How seriously are countries taking the threat of the 2019 novel coronavirus (nCoV)?
In Singapore, the government is racing to distribute more than 5 million face masks to all its citizens, for free, and has closed its border to all Chinese travelers.
In Hong Kong, all schools have been ordered suspended until March 2.
In Macau, similar class suspensions have been imposed until further notice.
Italy declared a six-month state of emergency after two Chinese tourists in Rome tested positive for the virus, and suspended all flights to and from China.
The United States, with six confirmed cases, is also on national health emergency status; the Trump administration has banned the entry of all foreigners, and not just Chinese, who have been to China in the last 14 days.
Russia, a close China ally, has closed its border with its neighbor. Ditto with Mongolia. Many other countries have stopped flights and contact with China.
And China itself has imposed an unprecedented lockdown on its interior, affecting not just Hubei province and its capital Wuhan, the epicenter of the disease, but other adjoining provinces — a move that affects 56 million citizens.
Are countries that have taken such steps to limit interaction with China overreacting, exaggerating or alarmist — or worse, “racist”?
They may well be, under the spin being pushed by partisans of the Duterte administration that a China-wide flight ban is “inhumane” and “xenophobic,” in a bid to defend the government’s much-scorned handling of the 2019-nCoV outbreak so far.
The visitors being asked to be turned back, however, are not refugees from a war, but mostly tourists engaged in a leisure activity that can well be postponed in the face of a grave emergency.
And the Philippines itself, with millions of poor people at risk of the disease and a rickety, underfunded public health infrastructure despite the often-heroic work of its frontliners, is obviously ill-equipped to manage an outbreak of a kind that has seen more advanced countries scrambling with their own drastic protocols.
With the confirmation last Thursday of the Philippines’ first 2019-nCoV case — more than a week since it reported a likely case — and with 31 other cases under investigation, the stakes have risen considerably, and the government’s sluggish response toward the fast-evolving emergency looks more and more a case of shocking irresponsibility.
Former health secretary Esperanza Cabral warned that more cases will likely emerge in the coming days with the end of the disease’s two-week incubation period, particularly because, as she said in Filipino in a CNN report, “we didn’t issue a travel ban for any visitors coming in from areas with confirmed cases of the coronavirus.”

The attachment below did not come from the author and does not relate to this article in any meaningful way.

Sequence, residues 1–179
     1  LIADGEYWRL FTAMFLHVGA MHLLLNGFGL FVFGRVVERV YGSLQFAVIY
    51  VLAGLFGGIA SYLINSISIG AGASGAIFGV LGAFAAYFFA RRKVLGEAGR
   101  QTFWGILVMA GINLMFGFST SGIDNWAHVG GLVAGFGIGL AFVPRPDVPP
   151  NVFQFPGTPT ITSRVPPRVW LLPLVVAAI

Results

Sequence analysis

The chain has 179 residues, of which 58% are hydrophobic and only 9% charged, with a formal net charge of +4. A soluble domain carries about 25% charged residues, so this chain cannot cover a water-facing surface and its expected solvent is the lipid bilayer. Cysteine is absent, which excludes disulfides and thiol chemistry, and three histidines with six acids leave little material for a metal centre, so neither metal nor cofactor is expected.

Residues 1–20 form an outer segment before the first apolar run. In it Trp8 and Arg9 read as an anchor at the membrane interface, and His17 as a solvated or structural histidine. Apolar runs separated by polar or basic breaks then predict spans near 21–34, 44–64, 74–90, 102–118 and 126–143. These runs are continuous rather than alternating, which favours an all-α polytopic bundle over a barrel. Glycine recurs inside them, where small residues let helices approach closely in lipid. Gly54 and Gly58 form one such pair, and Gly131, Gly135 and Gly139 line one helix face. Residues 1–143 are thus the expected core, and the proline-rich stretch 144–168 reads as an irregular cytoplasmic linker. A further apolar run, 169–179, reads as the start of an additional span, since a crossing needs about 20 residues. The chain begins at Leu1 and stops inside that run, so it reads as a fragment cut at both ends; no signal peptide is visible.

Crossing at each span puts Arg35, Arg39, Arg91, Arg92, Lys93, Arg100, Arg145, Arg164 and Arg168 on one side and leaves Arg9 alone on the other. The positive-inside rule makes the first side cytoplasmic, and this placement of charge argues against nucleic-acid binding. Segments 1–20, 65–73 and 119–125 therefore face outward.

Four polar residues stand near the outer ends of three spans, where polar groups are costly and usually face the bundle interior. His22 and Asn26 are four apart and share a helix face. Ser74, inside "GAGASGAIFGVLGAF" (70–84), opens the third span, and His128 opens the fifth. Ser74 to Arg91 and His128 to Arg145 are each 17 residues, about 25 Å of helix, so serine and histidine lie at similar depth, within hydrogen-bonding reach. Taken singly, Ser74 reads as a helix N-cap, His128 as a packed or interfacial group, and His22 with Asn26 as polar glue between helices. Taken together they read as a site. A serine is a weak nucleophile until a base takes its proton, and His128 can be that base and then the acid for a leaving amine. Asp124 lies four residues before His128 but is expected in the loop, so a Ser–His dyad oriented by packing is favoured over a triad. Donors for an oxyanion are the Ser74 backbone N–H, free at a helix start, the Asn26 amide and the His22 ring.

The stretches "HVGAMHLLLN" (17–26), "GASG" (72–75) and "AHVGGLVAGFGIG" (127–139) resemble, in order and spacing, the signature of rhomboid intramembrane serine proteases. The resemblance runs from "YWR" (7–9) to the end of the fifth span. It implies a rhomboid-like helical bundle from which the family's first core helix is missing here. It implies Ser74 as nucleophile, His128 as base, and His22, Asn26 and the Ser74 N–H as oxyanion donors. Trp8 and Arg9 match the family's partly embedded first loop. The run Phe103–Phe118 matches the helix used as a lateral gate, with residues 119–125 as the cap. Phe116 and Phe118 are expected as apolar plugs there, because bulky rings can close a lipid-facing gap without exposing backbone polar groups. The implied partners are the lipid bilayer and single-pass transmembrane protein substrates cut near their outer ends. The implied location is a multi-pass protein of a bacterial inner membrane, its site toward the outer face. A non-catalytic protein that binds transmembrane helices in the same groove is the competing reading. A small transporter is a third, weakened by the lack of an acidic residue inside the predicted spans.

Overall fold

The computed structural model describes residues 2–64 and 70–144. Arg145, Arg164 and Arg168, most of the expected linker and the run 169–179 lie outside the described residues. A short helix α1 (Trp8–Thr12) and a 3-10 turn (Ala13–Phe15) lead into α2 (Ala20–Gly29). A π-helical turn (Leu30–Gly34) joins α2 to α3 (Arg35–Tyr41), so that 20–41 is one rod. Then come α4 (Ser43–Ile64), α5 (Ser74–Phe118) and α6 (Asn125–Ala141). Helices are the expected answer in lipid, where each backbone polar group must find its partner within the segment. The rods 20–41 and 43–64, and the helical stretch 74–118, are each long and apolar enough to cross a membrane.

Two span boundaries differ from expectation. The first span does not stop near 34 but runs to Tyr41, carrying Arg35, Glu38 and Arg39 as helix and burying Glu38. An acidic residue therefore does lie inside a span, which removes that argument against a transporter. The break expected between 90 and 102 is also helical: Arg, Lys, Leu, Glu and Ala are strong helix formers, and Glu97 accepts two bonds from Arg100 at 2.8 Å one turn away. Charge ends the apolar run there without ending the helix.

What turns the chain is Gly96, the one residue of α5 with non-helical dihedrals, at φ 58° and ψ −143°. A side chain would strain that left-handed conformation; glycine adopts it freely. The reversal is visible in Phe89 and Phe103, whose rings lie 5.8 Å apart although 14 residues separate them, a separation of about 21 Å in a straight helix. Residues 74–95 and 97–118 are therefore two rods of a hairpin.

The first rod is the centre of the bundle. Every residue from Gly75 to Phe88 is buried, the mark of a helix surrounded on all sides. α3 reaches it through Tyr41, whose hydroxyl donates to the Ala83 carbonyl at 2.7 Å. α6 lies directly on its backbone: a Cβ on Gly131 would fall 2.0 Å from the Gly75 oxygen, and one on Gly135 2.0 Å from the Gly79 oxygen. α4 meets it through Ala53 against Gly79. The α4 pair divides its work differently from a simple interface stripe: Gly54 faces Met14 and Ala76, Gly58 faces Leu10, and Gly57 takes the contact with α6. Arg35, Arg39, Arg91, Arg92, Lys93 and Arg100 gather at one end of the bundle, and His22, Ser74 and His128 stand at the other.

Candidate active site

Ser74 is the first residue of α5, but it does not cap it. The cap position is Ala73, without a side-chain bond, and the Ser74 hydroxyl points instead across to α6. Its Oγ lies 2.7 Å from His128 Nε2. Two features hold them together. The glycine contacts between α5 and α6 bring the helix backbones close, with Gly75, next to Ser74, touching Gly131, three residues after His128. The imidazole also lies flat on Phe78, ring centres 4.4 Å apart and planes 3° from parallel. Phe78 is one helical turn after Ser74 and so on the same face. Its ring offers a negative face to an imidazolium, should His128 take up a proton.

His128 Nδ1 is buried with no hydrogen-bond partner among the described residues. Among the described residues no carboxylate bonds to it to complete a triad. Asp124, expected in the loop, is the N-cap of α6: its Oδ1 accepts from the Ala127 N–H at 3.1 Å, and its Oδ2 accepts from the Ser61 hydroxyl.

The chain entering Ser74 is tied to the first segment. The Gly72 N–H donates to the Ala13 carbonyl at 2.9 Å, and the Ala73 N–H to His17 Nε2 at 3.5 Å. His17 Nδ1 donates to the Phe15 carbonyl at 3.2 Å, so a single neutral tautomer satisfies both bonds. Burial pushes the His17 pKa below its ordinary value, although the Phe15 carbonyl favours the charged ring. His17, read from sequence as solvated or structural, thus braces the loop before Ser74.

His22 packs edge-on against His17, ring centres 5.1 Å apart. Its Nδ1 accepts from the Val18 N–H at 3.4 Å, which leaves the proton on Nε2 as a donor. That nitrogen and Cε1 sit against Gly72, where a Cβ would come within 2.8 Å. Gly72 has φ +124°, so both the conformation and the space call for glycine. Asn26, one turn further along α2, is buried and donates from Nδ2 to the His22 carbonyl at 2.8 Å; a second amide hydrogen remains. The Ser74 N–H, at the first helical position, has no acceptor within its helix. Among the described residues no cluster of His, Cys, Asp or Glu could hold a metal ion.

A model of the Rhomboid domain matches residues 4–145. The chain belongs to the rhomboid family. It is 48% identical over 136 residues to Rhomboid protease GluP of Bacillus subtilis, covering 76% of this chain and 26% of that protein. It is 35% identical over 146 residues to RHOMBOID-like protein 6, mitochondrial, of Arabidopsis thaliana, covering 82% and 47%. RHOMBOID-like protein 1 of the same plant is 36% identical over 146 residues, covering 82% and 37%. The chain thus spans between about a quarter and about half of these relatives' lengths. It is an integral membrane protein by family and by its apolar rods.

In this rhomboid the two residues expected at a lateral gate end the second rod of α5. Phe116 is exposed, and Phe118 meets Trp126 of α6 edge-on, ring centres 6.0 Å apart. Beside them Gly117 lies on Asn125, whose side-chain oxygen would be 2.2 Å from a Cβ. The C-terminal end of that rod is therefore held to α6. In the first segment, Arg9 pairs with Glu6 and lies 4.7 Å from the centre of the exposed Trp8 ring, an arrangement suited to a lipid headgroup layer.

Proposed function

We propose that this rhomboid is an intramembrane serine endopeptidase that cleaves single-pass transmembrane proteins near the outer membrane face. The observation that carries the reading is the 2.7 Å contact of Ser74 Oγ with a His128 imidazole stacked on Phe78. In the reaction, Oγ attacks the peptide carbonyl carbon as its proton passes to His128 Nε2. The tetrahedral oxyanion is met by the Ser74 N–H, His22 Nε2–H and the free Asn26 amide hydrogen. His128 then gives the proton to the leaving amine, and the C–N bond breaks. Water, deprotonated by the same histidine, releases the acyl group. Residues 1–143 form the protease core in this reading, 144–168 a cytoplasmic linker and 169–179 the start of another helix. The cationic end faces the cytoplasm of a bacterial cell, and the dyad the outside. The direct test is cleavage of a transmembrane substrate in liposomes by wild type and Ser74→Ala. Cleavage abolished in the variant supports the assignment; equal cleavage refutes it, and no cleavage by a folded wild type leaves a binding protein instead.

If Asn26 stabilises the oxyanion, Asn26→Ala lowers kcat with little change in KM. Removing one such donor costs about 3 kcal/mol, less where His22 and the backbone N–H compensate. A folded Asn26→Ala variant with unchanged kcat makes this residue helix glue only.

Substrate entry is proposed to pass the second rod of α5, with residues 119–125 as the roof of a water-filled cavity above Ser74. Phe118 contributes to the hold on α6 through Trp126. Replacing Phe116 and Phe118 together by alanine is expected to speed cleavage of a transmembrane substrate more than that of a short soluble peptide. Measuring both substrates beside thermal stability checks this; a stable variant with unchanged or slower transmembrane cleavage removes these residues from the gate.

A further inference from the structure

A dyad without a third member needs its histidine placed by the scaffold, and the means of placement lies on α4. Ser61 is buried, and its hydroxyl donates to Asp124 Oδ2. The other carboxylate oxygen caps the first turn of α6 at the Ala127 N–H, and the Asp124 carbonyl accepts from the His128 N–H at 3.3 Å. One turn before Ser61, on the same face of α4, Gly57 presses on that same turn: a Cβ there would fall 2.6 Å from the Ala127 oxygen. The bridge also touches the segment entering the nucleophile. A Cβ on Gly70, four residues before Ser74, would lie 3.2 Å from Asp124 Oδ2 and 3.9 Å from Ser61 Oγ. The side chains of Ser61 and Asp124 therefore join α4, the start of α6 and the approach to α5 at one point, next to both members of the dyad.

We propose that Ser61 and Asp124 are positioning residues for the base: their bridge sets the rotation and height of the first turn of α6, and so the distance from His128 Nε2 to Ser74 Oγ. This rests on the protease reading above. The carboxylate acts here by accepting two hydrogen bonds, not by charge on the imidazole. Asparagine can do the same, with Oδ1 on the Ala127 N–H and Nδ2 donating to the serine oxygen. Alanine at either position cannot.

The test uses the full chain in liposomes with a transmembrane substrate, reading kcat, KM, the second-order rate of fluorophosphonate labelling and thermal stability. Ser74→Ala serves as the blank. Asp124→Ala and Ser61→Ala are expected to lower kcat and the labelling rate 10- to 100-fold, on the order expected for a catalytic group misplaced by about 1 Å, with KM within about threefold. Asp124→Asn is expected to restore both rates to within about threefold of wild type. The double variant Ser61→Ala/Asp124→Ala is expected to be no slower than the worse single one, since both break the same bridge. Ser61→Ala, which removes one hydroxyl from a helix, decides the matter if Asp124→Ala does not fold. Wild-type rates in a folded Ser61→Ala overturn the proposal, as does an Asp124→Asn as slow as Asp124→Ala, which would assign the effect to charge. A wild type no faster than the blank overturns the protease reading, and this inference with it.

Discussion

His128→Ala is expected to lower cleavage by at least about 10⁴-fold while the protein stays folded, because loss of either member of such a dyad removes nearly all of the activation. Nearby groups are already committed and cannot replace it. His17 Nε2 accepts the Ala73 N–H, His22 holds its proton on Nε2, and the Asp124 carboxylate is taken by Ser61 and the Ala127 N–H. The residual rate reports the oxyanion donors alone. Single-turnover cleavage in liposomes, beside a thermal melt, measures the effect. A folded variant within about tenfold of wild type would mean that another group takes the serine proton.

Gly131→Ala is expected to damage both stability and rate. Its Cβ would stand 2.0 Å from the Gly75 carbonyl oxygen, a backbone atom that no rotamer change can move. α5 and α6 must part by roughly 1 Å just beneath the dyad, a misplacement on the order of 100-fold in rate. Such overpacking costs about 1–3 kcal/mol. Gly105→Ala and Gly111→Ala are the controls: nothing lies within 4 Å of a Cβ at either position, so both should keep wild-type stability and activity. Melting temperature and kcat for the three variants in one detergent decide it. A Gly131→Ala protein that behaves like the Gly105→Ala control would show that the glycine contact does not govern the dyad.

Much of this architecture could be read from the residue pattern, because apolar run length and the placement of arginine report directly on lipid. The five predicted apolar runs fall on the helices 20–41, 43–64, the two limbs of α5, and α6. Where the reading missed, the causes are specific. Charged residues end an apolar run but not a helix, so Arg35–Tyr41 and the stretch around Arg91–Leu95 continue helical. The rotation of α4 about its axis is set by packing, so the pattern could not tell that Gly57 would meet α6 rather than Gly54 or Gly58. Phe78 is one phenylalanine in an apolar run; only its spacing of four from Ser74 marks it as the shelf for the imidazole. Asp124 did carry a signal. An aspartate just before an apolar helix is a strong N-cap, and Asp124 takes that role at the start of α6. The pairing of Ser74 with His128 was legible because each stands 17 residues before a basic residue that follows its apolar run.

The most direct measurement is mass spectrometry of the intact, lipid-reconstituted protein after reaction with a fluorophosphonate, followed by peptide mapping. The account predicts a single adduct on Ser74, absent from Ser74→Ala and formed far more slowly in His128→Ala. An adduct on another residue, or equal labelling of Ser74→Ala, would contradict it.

President Duterte did declare a ban on flights from Wuhan on Friday — days after the area itself had been on lockdown, and some 24 hours after the World Health Organization had declared a global health emergency.
Previous to that, the President had refused to impose such a ban, saying “it would not be fair” to China. Echoing his boss, Health Secretary Francisco Duque III publicly fretted that prohibiting Chinese tourists from coming in might have “serious political and diplomatic repercussions.”
Instead, in continuing to welcome Chinese travelers — a Xiamen Air flight from Jinjiang landed in Davao on Wednesday and its more than 50 Chinese passengers allowed to leave the airport; on Tuesday, some 778 Chinese passengers of a cruise ship were also cleared to disembark in Manila — the Bureau of Quarantine has offered the assurance that thermal scanners at airports and other ports of entry are adequate to detect those who are sick.
But such scanners are, in fact, of limited use, because those infected may not immediately manifest fever, coughing and other symptoms. The diagnosed 38-year-old woman from Wuhan had been in the Philippines since Jan. 21 and had traveled to Cebu and Dumaguete before she was checked for cough at the hospital on Jan. 25.
“There’s no doubt that asymptomatic transmission is occurring,” said the US’ top infectious disease expert Dr. Anthony Fauci — meaning the disease can be unknowingly spread by infected but otherwise healthy-looking travelers that have passed through airport scanners.
Shouldn’t that game-changing fact have startled the government into more forceful action?
As this is being written, “the death toll from China’s new coronavirus outbreak has risen to 259 and the tally of confirmed infections has surged to nearly 12,000,” according to an Agence France-Presse report.
But it’s the Duterte administration’s dithering on more vigorous steps needed to protect the country from the epidemic — such as suspending all flights from China, turning back Chinese tourists and closing the Philippines’ borders temporarily — that’s causing more disquiet and anxiety.
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